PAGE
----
I get lots of questions about my process for creating beading designs. The most common is probably, ‘where do you get your ideas?’
But did you know, that’s actually not the most difficult part of the design process?
Any ideas what is more difficult…? Keep reading if you want to find out…
The process of creating beading designs
If you’ve never done any designing yourself, have you thought about how the process might work? I like to think of it in three stages…
Stage 1: the idea
You’re not going to get very far in creating beading designs without an idea. So, how does that happen?
The first source…
Sometimes other people suggest something. That’s been happening to me more and more. So, I’ll get an email or a comment on Facebook to say, could you make X?
Now, I like a challenge. So, I will always give any suggestions some serious thought. And, over the years, I’ve made quite a few. If you’ve been following along with my 2019 beaded bead challenge, you’ll know I’ve actively been asking for suggestions. (I’ve also made several of them, so far, with more in the pipeline).
The second source…
…is just inspiration. Everyone has that. Maybe you look at a flower in your garden and think how you could make it in beads. Maybe you see a colour scheme in a dress fabric, or in nature. That leads to a design in that colouring. Or, if you’re anything like me, maybe you’re wandering down the aisles of your local supermarket and realise that some cakes would make great beading projects!
So, my point is, inspiration can come from anywhere and can strike at any time.
The third source…
…comes from the beads themselves. Quite simply, just take out some beads and thread (or wire, or whatever your favourite medium) and start to experiment. This is the ‘what if’ process. What if I string the beads that way? What if I mix this bead with that bead? The result: experimental thread paths, interesting motifs… and lots of ‘frog stitch’.
So, in that sense, the first stage of creating beading designs is pretty straightforward.
Stage 2: Making it
Whatever you set out to make, you’re going to have lots of possibilities open to you.
You need to decide on colouring. Then, think about techniques: which is likely to work best?
After that, it’s just about experimenting. Literally, taking the beads out, trying the stitch you think will work and modifying as you go.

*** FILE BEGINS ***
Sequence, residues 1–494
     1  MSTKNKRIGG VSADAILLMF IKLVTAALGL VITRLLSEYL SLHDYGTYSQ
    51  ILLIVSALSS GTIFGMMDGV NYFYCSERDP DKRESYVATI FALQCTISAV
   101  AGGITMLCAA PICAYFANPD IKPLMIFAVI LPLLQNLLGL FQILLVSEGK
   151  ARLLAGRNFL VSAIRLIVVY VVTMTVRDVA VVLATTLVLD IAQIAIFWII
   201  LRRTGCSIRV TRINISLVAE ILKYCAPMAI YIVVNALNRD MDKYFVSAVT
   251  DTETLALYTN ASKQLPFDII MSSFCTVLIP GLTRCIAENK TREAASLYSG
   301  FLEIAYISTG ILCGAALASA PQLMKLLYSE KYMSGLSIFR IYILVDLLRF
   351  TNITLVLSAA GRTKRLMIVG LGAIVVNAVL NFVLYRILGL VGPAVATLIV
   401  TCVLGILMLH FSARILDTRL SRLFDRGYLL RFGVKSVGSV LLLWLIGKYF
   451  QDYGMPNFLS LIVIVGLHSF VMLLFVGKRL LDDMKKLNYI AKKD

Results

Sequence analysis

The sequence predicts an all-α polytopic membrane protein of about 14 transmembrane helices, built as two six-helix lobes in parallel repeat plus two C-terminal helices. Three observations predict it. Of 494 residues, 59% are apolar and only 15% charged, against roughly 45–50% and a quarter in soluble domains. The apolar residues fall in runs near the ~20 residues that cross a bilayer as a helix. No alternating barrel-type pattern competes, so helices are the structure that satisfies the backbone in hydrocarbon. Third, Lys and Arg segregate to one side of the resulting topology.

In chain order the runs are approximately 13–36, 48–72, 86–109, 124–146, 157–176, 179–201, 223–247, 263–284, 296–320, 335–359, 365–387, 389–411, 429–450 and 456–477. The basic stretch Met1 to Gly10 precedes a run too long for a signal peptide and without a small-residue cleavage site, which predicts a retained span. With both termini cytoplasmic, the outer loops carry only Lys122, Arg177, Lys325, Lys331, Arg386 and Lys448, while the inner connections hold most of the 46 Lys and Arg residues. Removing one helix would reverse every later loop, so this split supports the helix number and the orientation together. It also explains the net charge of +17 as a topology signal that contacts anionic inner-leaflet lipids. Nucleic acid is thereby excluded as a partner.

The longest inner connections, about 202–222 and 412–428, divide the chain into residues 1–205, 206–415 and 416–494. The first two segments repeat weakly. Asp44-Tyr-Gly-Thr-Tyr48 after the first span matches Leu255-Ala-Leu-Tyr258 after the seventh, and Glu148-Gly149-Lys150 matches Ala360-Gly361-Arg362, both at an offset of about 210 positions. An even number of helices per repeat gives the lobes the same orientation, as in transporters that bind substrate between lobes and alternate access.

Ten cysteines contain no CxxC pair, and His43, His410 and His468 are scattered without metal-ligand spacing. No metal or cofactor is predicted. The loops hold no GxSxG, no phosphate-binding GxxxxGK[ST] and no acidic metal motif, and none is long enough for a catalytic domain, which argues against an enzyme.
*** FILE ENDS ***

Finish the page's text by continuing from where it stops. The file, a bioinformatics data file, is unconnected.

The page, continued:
In every project, you will find some things that work as planned and some that don’t. Sometimes the beads take you in unexpected directions. Other times you may hit a problem that seems insurmountable. Perhaps the solution will present itself after a good night’s sleep. Or perhaps you have to shelve the project for a while.
The idea may still bubble around in your head. But you need to create some other projects, or learn some new techniques before you discover that magic solution.
So, the second stage of creating beading designs can be quite frustrating.
Stage 3: Writing a pattern
Now, if you’re wanting to earn any kind of income from your beading, you will have to write up instructions for your design. Whether you do that in a book, as a pattern, or on a video, you will face the same challenge…
Can you recreate what you did in a manner that will let other people do it as well?
So, I’m going to suggest that the hardest part of creating beading designs is actually writing the instructions.
How did I reach this conclusion? Well, let me share a little story with you…
A sewing machine beaded box
Now, who would come up with such a crazy idea? One of my customers actually…
I think it was shortly after I had launched my camera beaded box. One of my very good customers wrote and asked if I could make a sewing machine box.
So, I thought about this for a short while. The shape should be do-able. I could envisage how that structure would work. So, why not?
That was part one of the process for creating beading designs checked off.
Now, what about parts two and three?
The design process
This is where I had that lightbulb moment. You probably don’t realise it, but all the time I’m sitting and beading, I’m also thinking about how I will write the instructions.
Will I need photos, or would diagrams be better? Maybe I need both…
Will this section need a chart, or a table, or a long explanation?
Did you realise the answers to those questions can actually dictate how I create a design?
So, in this case, the sewing machine turned out as it did because of the constraints of having to write the pattern.
I actually created the base section in a completely different way. This took me several hours. Then, at the end of it, I thought: ‘how am I going to write that up?’ I had created a design process that I could replicate. I even went as far as taking the photos, drawing the diagrams and starting to write the instructions. But none of it felt ‘right’.
Then, I had a total change of heart. I saw another way in which I could create the same base. This new way would be a lot easier to explain and document for others. So, I ripped out all my work, deleted all the words and diagrams and started over.
Many hours later, I ended up with the box and the pattern that you see on my website now.
So, I think it was at that moment that I decided the hardest part about creating beading designs is being able to document them for others…
There isn’t a moral to this story. But I am curious…
Do you agree with me?
What do you think of my claim about this being the hardest part of creating beading designs?
…and does my answer surprise you?
Let me know your thoughts in the comments below…